# Relational Calculus

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```					Relational Calculus
R&G, Chapter 4
Relational Calculus
• Comes in two flavors: Tuple relational calculus (TRC) and Domain
relational calculus (DRC).
• Calculus has variables, constants, comparison ops, logical
connectives and quantifiers.
– TRC: Variables range over (i.e., get bound to) tuples.
• Like SQL.
– DRC: Variables range over domain elements (= field values).
• Like Query-By-Example (QBE)
– Both TRC and DRC are simple subsets of first-order logic.
• We’ll focus on TRC here
• Expressions in the calculus are called formulas.
• Answer tuple is an assignment of constants to variables that
make the formula evaluate to true.
Tuple Relational Calculus
• Query has the form: {T | p(T)}
– p(T) denotes a formula in which tuple
variable T appears.
• Answer is the set of all tuples T for
which the formula p(T) evaluates to true.
• Formula is recursively defined:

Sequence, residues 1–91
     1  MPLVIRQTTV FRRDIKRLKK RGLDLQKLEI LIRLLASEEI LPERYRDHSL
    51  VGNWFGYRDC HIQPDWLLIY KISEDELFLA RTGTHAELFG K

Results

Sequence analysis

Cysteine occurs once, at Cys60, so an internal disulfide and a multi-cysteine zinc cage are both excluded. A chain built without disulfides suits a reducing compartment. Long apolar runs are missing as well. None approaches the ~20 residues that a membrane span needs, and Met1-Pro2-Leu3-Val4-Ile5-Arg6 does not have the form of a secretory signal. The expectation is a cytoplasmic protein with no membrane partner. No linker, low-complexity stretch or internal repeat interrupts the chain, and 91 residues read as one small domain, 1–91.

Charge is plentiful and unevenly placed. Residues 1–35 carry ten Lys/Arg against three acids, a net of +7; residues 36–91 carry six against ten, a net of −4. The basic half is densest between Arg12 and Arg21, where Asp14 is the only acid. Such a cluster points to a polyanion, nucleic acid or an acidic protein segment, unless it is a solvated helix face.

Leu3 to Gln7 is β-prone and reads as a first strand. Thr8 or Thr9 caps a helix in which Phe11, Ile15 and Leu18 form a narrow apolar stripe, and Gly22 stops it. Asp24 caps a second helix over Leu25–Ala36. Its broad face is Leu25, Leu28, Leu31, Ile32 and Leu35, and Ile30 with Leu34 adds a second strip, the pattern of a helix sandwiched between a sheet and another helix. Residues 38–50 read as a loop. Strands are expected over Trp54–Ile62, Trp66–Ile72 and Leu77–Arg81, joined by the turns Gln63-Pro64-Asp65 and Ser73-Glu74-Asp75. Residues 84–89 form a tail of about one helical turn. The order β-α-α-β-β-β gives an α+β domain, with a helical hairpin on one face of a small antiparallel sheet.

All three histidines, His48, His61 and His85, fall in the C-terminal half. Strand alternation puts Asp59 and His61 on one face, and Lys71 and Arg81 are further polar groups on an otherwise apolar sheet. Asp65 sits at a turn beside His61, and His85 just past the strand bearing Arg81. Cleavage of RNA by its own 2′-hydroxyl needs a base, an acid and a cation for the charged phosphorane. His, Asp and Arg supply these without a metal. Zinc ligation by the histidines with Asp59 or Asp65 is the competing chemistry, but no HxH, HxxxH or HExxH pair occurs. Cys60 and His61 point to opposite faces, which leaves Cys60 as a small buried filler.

tuples from relations or make comparisons of
values)
build bigger and better formulas using the
logical connectives.
TRC Formulas
• An Atomic formula is one of the following:
R  Rel
R.a op S.b
R.a op constant
op is one of ,, ,,, 
• A formula can be:
– an atomic formula
–  p, p  q, p  q where p and q are formulas
– R( p(R)) where variable R is a tuple variable
– R( p(R)) where variable R is a tuple variable
Free and Bound Variables

• The use of quantifiers  X and  X in a formula is
said to bind X in the formula.
– A variable that is not bound is free.
• Let us revisit the definition of a query:
– {T | p(T)}

•   There is an important restriction
— the variable T that appears to the left of `|’ must be
the only free variable in the formula p(T).
— in other words, all other tuple variables must be
bound using a quantifier.
Selection and Projection
• Find all sailors with rating above 7

{S |S Sailors  S.rating > 7}
– Modify this query to answer: Find sailors who are older
than 18 or have a rating under 9, and are called ‘Bob’.